There has been much debate about the origin, definition, and utility of the concept of religion (Aldridge, 2002; B. Taylor, 2010)—a debate that I will not reproduce here. The concept of religion in many ways overlaps with the notion of worldview, as it can essentially be seen as a cultural system that gives meaning to human existence. For example Smart (1989) argues that both secular and religious worldviews are characterized by seven major dimensions, including ritual, experiential, narrative (or mythic), doctrinal, ethical, social, and material ones. However, other authors argue that religion, beyond being a framework of meaning and meaning-making, deals with the invisible, supernatural, and/or divine aspects of reality (see e.g. Vonk, 2011). The term worldview is then seen as an umbrella term covering both religious and nonreligious frameworks of meaning. This is the understanding I will use here. Furthermore, since the trend in the West is of the rise of the nones, as the Pew Research Forum (2012) colloquially refers to the growing number of individuals without religious affiliation, my focus in this study is not on religious worldviews. The Pew social and political action” (Ball & Dagger, 1991, p. 8, quoted in Luftig, 2009, p. 48). Thus, one might say that ideologies are principally about translating ideas into social and political action—they are sets of ideas used for mobilizing the masses.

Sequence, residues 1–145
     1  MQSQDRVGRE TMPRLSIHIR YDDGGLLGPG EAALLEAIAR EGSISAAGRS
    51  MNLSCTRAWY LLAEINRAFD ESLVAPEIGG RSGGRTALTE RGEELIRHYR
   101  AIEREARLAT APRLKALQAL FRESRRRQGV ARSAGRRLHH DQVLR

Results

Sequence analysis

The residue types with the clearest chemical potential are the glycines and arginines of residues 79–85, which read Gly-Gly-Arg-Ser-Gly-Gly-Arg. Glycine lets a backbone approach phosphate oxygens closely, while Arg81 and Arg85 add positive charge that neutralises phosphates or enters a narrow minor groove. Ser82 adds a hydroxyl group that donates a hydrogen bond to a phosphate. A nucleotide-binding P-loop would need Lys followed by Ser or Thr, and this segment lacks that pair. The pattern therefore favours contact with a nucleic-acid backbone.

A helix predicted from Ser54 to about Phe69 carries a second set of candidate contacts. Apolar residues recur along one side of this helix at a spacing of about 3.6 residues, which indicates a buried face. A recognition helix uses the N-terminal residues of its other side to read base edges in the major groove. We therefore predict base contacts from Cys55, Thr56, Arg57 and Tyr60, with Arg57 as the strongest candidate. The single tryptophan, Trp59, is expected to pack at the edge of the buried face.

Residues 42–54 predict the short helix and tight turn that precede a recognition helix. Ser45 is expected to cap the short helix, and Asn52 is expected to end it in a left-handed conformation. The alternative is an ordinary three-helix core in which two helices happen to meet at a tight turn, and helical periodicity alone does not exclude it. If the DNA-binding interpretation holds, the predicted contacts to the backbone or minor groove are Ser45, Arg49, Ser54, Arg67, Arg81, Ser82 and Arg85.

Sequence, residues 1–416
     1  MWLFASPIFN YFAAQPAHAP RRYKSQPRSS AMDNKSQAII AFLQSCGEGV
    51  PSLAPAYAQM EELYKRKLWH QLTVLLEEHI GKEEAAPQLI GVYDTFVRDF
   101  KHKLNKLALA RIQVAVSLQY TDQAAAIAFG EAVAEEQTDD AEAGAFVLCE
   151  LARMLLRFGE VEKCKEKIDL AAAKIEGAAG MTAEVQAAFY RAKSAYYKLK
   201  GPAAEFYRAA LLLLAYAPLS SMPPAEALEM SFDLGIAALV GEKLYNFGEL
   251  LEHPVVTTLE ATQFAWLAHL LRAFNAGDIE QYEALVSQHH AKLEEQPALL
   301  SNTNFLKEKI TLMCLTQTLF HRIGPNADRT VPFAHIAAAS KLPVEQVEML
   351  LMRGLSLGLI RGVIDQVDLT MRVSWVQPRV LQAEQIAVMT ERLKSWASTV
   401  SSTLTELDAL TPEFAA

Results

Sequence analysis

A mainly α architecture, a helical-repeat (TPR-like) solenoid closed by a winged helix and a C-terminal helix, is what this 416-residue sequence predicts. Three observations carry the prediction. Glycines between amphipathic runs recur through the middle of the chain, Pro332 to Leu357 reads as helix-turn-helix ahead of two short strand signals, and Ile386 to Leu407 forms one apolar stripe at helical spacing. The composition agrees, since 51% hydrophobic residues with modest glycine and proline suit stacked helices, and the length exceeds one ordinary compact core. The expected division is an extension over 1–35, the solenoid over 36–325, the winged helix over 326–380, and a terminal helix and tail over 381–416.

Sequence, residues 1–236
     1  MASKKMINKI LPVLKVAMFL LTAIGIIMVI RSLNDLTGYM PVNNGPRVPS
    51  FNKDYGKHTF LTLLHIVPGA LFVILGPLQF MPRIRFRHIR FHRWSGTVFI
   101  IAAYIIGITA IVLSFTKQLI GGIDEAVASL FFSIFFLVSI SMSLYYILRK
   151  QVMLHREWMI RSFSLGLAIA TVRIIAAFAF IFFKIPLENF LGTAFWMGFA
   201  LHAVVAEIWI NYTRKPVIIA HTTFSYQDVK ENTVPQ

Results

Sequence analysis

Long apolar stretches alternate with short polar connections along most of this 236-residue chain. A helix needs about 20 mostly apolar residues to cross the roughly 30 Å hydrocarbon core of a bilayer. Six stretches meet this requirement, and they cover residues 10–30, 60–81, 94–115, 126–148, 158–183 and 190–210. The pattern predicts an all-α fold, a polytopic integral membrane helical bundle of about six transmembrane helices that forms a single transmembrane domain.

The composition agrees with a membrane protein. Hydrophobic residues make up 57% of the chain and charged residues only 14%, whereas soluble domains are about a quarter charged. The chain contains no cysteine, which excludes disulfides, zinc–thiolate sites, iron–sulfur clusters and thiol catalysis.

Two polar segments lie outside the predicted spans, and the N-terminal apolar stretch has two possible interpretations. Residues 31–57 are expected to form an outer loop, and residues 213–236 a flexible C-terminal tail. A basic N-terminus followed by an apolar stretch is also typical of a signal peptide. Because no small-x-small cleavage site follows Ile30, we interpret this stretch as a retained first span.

20 Research Forum’s latest results show that now even in the USA—in comparison with other advanced (post)industrial democracies a highly religious country— one fifth of the public, and a third of adults under thirty, are religiously unaffiliated, the highest percentages ever in their polling. However, while these individuals are not affiliated with any religion in particular, many of them are religious or spiritual in some way. Two thirds (68%) of them say they believe in God; more than half (58%) say they often feel a deep connection with nature and the earth; and more than a third (37%) classify themselves as “spiritual” but not “religious” (2012).13 Thus, while religion, and particularly the Judeo-Christian tradition, is of central importance in the formation and evolution of Western worldviews, my focus in this study is not on religious worldviews as such,14 although I do explore religious and spiritual ideas, feelings, and commitments as an integral part of worldviews. The most important reason for this choice is that the trend in the West is towards less institutionalized and formalized, as well as less traditional and literalistic understandings of religion,15 while noninstitutionalized and more contemporary forms and understandings of spirituality are growing (see e.g. Houtman & Mascini, 2002; Inglehart & Welzel, 2005; Kronjee & Lampert, 2006; Pew Forum, 2012).